Armond White looks back at the best movies that surpass and defy the year’s worst

We’ve reached the point where movies are less popular than other forms of pop culture yet remain compelling—as much for what they recall about the humanities as the inhumanity they routinely deliver. Thus 2011′s year-end mania for the specious cultural tributes of The Artist and Hugo, even though both films, while apparently reverential, were actually false to how cinema is made and enjoyed. Thus, the critics’ disrespect for Spielberg’s two ingenious state-of-the-art assessments (to be examined in the next issue of CityArts). Thus, this year’s better-than list, which again finds superior alternatives that defy falsely hyped movies. Art vs. Trash.

Incendies>A Dangerous Method

Denis Villeneuve’s blood-rich inquiry into the epic complexities of man’s inhumanity-to-man defies the nihilistic excuses favored by David Cronenberg’s Freudian one-gunmanship and ethnic spite. Catharsis vs. Egotism.

The Adventures of Tintin>The Artist

Spielberg restores the essence of cinema (from the Greek “kinesis,” meaning movement), defying Hazanavicius’ too-cute silent movie hoax. Joy vs. Inanity.

War Horse>Hugo

Spielberg revives genre esthetics as spiritual expression, defying Scorsese’s fatuous history lecture. Feeling vs. Sentimentality.

Rise of the Planet of the Apes> The Girl with the Dragon Tattoo

Rupert Wyatt reboots the original series as a fresh, wild vision of modern frustration, defying Fincher’s apathetic wallow in pathology and brutality. Emotion vs. Style.

Attack the Block> A Separation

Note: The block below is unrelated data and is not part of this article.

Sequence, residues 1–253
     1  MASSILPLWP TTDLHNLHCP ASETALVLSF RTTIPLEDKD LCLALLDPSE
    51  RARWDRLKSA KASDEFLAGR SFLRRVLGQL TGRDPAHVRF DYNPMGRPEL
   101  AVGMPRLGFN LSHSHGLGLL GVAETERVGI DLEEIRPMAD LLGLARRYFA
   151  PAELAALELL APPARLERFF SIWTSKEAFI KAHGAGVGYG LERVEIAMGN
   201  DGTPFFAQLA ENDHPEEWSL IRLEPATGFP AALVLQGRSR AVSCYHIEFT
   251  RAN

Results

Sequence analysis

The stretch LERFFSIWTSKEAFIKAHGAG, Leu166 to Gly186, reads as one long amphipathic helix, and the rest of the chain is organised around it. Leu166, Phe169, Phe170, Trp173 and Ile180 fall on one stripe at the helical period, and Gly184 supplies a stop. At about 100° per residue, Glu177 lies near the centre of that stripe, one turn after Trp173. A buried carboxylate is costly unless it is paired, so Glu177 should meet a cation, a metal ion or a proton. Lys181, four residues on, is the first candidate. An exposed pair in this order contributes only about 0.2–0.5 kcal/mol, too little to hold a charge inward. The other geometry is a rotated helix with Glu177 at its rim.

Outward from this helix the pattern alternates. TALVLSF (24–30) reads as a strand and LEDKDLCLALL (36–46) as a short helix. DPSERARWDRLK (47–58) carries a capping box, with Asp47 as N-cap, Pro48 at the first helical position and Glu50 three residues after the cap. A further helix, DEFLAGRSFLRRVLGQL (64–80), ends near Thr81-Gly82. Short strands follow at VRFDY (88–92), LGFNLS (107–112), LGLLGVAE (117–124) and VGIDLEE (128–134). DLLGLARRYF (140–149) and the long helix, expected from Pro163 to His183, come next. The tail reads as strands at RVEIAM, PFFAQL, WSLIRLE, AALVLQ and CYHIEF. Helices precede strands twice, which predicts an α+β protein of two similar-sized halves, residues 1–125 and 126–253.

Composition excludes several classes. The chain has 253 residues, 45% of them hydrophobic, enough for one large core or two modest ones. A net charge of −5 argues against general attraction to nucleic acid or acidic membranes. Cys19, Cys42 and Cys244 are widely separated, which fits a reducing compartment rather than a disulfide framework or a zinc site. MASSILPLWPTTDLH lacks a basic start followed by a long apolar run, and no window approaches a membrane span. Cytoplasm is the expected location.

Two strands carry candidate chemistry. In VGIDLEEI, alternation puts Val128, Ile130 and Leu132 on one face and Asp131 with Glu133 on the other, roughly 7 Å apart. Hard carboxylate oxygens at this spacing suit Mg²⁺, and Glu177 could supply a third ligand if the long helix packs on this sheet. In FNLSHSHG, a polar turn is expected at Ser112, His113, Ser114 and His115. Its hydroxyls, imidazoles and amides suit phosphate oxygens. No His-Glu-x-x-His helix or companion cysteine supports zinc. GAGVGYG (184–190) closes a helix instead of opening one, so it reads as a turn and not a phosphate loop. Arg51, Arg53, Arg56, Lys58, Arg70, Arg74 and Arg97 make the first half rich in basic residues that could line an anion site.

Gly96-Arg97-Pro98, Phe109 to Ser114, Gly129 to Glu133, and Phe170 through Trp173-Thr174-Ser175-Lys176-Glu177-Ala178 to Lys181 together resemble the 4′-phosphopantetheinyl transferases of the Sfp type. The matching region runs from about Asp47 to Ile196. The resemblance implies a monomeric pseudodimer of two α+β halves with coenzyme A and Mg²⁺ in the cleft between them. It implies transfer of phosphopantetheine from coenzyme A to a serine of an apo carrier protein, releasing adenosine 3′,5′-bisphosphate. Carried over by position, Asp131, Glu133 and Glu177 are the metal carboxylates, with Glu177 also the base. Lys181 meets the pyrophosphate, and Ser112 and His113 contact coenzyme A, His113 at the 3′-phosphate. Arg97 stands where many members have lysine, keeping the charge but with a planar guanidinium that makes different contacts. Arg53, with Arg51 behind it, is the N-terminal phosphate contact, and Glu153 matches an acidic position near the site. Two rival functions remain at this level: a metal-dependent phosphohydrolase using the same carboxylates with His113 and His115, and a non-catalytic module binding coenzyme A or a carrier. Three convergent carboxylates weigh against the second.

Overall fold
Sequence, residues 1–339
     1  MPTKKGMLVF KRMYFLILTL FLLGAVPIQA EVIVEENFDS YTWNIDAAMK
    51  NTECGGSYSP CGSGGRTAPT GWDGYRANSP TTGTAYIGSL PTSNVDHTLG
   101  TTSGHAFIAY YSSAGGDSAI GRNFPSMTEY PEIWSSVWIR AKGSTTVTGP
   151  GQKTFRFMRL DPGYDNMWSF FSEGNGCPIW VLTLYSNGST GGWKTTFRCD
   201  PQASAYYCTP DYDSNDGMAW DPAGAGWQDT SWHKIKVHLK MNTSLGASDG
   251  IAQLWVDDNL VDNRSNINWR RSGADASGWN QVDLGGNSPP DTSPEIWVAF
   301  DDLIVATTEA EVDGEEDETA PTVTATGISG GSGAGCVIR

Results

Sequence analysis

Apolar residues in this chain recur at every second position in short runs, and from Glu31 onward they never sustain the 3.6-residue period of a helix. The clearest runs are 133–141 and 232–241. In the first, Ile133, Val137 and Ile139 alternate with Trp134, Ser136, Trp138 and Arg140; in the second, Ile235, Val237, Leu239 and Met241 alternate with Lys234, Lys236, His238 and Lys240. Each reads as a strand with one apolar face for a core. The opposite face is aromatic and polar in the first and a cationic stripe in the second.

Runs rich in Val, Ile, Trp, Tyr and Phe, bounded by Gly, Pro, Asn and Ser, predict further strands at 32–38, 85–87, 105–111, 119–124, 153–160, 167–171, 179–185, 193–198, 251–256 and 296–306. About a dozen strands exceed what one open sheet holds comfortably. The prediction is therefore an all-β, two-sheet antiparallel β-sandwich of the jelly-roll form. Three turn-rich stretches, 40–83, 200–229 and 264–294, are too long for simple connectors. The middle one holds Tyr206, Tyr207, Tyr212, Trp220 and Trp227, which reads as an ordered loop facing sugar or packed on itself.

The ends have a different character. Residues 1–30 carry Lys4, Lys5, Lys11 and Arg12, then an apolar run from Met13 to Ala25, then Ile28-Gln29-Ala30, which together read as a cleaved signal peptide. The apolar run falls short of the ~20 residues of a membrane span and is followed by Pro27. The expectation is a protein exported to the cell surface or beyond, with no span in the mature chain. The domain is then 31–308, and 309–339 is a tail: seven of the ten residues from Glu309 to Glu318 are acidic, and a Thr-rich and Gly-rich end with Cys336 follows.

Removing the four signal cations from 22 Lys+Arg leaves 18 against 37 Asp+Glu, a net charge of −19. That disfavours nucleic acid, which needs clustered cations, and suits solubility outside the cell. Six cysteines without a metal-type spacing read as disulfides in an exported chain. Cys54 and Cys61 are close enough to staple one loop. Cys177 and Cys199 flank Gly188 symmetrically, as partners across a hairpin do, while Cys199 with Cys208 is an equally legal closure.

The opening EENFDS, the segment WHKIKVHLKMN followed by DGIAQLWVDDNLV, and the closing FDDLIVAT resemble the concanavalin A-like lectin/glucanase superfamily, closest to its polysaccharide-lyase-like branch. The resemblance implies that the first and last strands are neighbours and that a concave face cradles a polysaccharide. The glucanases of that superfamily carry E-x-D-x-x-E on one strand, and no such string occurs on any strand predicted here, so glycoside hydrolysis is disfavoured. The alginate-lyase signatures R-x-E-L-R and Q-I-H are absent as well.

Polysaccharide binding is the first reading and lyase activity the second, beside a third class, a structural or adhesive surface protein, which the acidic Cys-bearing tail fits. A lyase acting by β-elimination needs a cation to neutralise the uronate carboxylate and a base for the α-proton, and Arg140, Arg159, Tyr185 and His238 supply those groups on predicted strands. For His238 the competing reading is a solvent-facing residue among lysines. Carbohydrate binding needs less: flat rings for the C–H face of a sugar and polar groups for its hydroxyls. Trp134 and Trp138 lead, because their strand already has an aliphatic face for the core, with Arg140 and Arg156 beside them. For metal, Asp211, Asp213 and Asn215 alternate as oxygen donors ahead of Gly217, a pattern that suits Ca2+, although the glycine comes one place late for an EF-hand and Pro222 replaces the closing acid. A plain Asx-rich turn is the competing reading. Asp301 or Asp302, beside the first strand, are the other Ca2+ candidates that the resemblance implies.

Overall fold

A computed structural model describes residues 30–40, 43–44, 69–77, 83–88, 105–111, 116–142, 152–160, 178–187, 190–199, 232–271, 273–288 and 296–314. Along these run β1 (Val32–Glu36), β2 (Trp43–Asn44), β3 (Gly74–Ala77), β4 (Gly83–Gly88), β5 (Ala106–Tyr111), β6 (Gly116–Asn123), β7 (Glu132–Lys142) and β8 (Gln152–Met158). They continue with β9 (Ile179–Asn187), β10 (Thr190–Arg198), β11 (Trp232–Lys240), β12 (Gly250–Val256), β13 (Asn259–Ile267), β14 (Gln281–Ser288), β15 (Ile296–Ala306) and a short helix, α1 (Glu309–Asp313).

Joe Cornish’s clever, good-humored exploration of sci-fi social conflict defies Asghar Farhadi’s obvious Iranian didacticism. Action vs. Talk.

Paul> Uncle Boonmee Who Can Recall His Past Lives

Greg Mottola, Simon Pegg and Nick Frost grasp the depth of American pop culture while Apichatpong Weerasethakul peddles Asian obscurantism. Joyous vs. Spurious.

3 Backyards>Melancholia

Eric Mendelsohn parses the limits of communal empathy, exposing Lars Von Trier’s insincere apocalypse chic. Authenticity vs. Artificiality.

Film Socialisme>The Tree of Life

Godard pinpoints outmoded media and politics, defying Terrence Malick’s arty navel-gazing. Relevance vs. Irrelevance.

Colombiana>The Help

Olivier Megaton and Zoe Saldana find new racial, sexual and genre archetypes to discover the meaning of love, defying the stereotyping of black women’s civil rights struggle. Progress vs. Relapse.

Winnie the Pooh>Extremely Loud & Incredibly Close

Disney turns children’s literature into cinematic grace defying Stephen Daldry’s attempt to turn 9/11 tragedy into a fairy tale. Beauty vs. Shamelessness.

The Iron Lady>J. Edgar, My Week with Marilyn

Phyllida Lloyd and Meryl Streep wittily reinvent the biopic in a Shakespearean (British) tradition, defying the exploitation of Hoover and Monroe. Insight vs. Triteness.

Jack and Jill>The Descendants

Adam Sandler’s affectionate, very broad ethnic satire defies Alexander Payne’s smug denial of America’s ethnic history. Humility vs. Sanctimony

What’s Your Number?, Kaboom>Bridesmaids

Gregg Araki and Anna Faris flaunt revelatory, nonjudgmental sexual choices while Kristin Wiig imitates frat boy vulgarity. Freedom vs. Conformity.

Rejoice and Shout>Cave of Forgotten Dreams

Don McGlynn’s gospel music history traces beginnings of art in faith while Werner Herzog’s loss of faith prompts his history of art. Heaven vs. Purgatory

Your Highness, The Sitter>Midnight in Paris

David Gordon Green indulges his love of fiction and adolescence while college dropout Woody Allen name drops and disrespects his literary betters. Humor vs. Hoax

Prom, Polytechnique> We Need to Talk About Kevin

Villeneuve and Joe Nussbaum’s complementary tales of school trauma defied Lynn Ramsey and Tilda Swinton’s nihilistic chic version of Columbine psychosis. Visionaries vs. Pseuds.

Real Steel>Moneyball

Shawn Levy explores fatherhood and masculinity in professional competition while Bennett Miller and Brad Pitt take the fun out of baseball. Entertainment vs. Sophistry.

Follow Armond White on Twitter @3xChair